Flippers in the air, a group of penguins tobogganed down the icy slope like kids in a playground. “Weeeeee!” I could almost hear them cheer as they swooshed across my trail one after another. Once on land with their mates, they waddled clumsily back up to the top of the ridge again, for another round on the slope. I stopped in my tracks and laughed.
My first close encounter with a penguin, and I could barely keep a straight face.
After two full days of sailing across the notorious Drake Passage and rocking our way into the Gerlache Strait, we finally made it. Earlier that morning, I’d awoken to views of giant icebergs, crackling glaciers and jagged white mountains surrounding us. It was as if I’d entered the world of Narnia. I felt like a child on Christmas Day, excited to see the gift that I’d been waiting for all year.
My first view of Antarctica was fantastic — but my first step on Antarctica was even better.
We landed on the shore of Danco Island, a one-mile long isle in the Errera Channel off the Antarctic Peninsula. Covered in thick layers of snow, the island looked aloof and almost intimidating. It was easy to feel small and powerless in this vast and expansive landscape. We trudged through the white crystal powder, following a zigzag trail, up towards the top of the ridge where brown patches of snow were speckled with little black dots. Paradise Bay sprawled before us, the sea sparkling under the sunlight and aqua blue bergy bits dancing on the water.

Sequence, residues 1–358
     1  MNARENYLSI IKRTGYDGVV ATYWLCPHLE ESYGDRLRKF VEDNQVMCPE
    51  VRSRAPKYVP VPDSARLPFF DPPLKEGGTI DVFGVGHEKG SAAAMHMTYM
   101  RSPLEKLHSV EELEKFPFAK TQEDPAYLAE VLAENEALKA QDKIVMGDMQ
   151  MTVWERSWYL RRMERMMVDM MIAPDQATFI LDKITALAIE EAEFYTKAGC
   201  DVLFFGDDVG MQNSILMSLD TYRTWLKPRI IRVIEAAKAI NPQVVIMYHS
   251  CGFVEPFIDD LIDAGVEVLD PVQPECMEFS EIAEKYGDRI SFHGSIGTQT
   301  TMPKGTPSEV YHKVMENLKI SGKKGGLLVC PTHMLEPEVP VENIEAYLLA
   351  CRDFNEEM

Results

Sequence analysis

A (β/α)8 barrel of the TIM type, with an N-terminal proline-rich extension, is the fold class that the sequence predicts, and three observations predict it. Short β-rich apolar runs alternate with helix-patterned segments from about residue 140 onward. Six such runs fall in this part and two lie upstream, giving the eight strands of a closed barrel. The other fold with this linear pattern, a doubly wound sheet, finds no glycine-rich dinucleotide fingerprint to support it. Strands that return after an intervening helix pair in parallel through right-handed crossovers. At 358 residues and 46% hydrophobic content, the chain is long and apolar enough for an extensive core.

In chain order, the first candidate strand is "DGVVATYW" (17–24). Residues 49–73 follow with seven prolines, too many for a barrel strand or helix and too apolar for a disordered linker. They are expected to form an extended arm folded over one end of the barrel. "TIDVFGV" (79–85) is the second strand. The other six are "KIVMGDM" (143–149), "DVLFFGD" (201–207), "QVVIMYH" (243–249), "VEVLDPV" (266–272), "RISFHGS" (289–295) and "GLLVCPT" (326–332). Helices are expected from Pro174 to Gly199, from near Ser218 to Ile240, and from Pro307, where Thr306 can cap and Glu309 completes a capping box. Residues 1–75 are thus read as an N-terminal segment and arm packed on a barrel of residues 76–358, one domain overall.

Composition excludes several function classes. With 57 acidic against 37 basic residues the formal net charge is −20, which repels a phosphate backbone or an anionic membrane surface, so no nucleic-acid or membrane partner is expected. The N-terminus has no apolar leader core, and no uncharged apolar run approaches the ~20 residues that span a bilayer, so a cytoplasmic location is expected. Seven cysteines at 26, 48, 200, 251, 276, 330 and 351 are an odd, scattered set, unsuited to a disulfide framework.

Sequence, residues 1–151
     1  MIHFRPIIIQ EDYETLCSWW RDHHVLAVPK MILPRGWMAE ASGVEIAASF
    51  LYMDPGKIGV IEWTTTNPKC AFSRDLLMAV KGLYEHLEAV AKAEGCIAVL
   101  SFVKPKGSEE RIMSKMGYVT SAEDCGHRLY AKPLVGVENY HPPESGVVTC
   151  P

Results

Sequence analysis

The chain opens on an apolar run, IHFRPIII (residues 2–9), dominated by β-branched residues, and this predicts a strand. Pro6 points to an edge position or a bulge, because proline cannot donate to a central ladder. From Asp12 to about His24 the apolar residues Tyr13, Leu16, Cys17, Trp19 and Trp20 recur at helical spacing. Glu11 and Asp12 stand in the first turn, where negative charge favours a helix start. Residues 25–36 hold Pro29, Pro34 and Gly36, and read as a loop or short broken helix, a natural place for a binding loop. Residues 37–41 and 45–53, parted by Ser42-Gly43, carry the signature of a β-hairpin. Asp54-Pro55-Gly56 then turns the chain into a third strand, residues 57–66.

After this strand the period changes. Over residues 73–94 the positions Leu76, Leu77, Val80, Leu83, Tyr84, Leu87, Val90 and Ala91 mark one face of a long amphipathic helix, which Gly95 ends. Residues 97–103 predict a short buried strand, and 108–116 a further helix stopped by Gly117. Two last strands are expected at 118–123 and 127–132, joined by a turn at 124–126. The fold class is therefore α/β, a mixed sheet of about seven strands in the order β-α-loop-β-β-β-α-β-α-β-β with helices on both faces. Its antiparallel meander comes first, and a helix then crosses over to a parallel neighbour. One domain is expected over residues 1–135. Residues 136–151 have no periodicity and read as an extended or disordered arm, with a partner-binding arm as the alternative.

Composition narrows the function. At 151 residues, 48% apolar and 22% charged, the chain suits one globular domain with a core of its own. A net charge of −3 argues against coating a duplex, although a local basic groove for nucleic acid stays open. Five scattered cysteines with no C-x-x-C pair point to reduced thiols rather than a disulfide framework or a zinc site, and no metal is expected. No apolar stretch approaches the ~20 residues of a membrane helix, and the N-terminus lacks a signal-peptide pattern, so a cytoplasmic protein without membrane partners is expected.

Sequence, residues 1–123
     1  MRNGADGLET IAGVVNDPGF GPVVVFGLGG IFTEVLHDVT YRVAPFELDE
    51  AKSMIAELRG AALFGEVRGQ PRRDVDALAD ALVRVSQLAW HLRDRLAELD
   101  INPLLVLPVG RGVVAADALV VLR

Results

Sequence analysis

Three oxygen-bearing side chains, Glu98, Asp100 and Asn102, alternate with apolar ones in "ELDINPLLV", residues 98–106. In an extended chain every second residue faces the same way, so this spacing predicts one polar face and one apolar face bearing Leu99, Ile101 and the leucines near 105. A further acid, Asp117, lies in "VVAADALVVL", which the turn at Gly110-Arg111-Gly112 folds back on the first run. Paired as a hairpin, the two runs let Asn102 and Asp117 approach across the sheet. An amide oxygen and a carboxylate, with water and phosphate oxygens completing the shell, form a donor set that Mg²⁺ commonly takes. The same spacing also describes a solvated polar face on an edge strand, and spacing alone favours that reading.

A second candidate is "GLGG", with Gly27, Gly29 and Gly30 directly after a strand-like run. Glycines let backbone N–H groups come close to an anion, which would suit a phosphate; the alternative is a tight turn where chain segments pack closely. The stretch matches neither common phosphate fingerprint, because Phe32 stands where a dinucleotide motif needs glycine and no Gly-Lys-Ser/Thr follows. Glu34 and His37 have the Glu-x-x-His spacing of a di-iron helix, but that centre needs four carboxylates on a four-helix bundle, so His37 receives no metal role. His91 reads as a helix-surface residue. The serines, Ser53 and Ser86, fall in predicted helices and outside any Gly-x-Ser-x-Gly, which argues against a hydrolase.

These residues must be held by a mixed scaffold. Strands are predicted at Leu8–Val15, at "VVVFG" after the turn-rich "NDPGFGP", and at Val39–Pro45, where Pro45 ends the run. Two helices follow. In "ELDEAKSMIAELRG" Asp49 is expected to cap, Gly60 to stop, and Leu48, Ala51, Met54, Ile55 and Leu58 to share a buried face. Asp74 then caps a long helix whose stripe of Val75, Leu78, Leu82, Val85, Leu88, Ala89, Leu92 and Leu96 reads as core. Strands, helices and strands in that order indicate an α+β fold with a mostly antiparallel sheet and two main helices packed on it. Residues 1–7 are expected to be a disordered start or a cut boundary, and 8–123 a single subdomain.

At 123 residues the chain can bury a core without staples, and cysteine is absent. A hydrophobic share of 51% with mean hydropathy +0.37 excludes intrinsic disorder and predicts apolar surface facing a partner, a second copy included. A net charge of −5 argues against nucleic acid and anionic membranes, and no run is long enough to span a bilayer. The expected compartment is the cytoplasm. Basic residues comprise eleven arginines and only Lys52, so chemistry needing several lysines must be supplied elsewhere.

Soon enough, just as I reached the top of the ridge, I could see the speckles of black dots clearly. There were over hundreds, if not thousands, of orange-beaked gentoo penguins. We were surrounded by rookeries upon rookeries of gentoo penguins. As we silently approached, I half expected them to all scatter in different directions; but to my surprise, they stayed calm and quiet, as if they couldn’t care less.
Some of them lay half-asleep buried in snow, some were humping like rabbits, while others just stood dreamily staring out to sea. As we sat on the snow, watching them in silence, a few of them actually tiptoed towards us, curiously sniffing us out.
According to the The International Association of Antarctic Tour Operators (IAATO) guidelines and the Antarctic Treaty, we are not allowed to touch any of the wildlife in Antarctica — in fact, we need to stay a good 15 feet (five meters) away from all animals at all times. But if they come to us, well, then we just let them. One of them came up to a few inches from me, perhaps attracted by the bright blue color of my parka. Just as I put down my camera, and stayed still, it scampered off in a rush. Perhaps he just wanted his photo taken.
Here’s a video of the first penguin rookery we saw, hope it gives you an idea of how I felt at that very moment.
Disclaimer: I traveled with G Adventures on the Antarctica Classic In Depth (XVAESX) trip as a part of the Wanderers In Residence program, but all opinions expressed here are entirely my own. Follow my journey through these blog posts, or on Twitter with the #WJAntarctica hashtag.